The woman I loved held me close
while the man I loved drove us down to Oaxaca, Mexico
and we were listening to the news on the radio.
"The disgraced vet fled Arlington Cemetery,
after defiling our war dead,
brought home from Normandy's shore
and his grave is now empty
to the horror of God and Nation."
I felt so cold
even nestled under her chin,
while he rubbed my knee
reaching over the driver's seat.
Their sweet faces were lit by the glow of our car's headlights in front
and unyielding high-beams behind us.
Unnatural love, the radio said,
about the living vet
and his beloved dead.
My boyfriend winced and
reached for she who held his hand
like it was made of platinum
and he held hers like it was forgotten gold,
but I was their cave of ice cold diamonds, sapphires, and rubies.
Unnatural, they called it.
Necklaces that shine under the chins of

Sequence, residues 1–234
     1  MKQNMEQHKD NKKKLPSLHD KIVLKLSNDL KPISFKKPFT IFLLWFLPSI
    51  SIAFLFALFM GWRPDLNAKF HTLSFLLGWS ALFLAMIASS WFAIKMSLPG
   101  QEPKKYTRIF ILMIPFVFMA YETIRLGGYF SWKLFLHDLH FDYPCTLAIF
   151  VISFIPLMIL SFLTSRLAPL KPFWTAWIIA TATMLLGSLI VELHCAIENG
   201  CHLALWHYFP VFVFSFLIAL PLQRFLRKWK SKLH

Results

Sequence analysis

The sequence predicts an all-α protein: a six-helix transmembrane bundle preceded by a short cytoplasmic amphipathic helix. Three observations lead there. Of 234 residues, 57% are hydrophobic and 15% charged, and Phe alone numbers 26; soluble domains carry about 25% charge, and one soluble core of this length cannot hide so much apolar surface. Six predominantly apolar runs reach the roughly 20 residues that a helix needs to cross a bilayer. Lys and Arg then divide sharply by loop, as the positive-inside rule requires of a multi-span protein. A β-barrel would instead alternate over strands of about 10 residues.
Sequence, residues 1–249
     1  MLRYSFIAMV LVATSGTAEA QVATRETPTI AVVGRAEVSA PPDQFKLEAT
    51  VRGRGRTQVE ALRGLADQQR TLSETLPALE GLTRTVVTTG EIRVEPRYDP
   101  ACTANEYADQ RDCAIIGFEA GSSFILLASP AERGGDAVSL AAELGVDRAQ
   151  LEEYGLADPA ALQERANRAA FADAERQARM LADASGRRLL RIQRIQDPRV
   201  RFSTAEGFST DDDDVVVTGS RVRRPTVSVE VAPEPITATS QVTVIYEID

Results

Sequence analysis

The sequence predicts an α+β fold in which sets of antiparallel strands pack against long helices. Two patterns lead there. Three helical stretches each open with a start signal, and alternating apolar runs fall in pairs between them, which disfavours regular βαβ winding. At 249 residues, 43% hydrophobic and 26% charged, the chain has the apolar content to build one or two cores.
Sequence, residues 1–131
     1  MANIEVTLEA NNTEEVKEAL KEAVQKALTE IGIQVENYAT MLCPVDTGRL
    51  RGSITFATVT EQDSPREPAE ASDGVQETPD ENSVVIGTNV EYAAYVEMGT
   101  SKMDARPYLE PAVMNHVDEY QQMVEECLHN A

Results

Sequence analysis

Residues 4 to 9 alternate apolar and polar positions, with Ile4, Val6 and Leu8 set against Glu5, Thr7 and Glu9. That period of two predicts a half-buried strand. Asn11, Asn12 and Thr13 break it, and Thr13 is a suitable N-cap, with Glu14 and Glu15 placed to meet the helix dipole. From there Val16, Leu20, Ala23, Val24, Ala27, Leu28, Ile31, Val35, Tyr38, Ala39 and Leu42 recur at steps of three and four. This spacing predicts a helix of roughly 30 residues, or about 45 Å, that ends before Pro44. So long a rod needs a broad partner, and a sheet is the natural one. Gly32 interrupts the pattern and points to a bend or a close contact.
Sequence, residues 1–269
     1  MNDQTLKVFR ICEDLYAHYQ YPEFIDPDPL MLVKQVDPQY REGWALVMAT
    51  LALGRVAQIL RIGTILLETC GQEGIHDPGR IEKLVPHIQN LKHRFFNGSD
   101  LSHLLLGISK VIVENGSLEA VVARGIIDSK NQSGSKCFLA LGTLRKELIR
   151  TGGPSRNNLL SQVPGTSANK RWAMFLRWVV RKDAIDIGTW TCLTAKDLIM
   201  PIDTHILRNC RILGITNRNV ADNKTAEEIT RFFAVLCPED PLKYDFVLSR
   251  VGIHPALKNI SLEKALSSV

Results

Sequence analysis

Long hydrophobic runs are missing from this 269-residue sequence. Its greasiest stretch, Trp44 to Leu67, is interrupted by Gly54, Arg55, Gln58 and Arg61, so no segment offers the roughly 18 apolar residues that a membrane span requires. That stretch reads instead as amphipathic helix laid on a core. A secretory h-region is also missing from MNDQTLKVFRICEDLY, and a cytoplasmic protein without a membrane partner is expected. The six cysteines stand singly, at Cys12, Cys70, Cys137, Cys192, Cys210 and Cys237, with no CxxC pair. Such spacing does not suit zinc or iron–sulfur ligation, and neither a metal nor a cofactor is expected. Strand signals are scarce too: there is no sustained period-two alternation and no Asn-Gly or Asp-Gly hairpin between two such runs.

empresses and baronesses
and gold metals pinned on broken bodies
do not grow on trees.
Unnatural, they called it,
the love they have for me.
Unnatural was the devil's shoal,
that freezing beach at Normandy,
where I was shot dead for him to see.
We'll be in Mexico soon,
he assures us with fear on his lips and
defiant of disgust and judgement,
that there's nothing they can do
once we're over the border.
She tells me that the beach where we're going
and the waters blue.
The people, he says,
and the fruit is so fresh
it burns your tongue.
Just a few more miles, they both assure themselves,
their hands were clasped together on my knee
white knuckled in the intensifying headlights behind us.
If we three are unnatural
then let all be factory manufactured
and as plastic as their tired smiles
when the border agent asks too many questions.
For to me, this love is as real
as our tears and laughs
when the radio stopped hissing the judgements of American news
and began singing Pedro Infante's 'Esta Noche'.
All went dark behind us on the road to Oaxaca,
with purple skies on the horizon
promising the warmth of blue beaches ahead.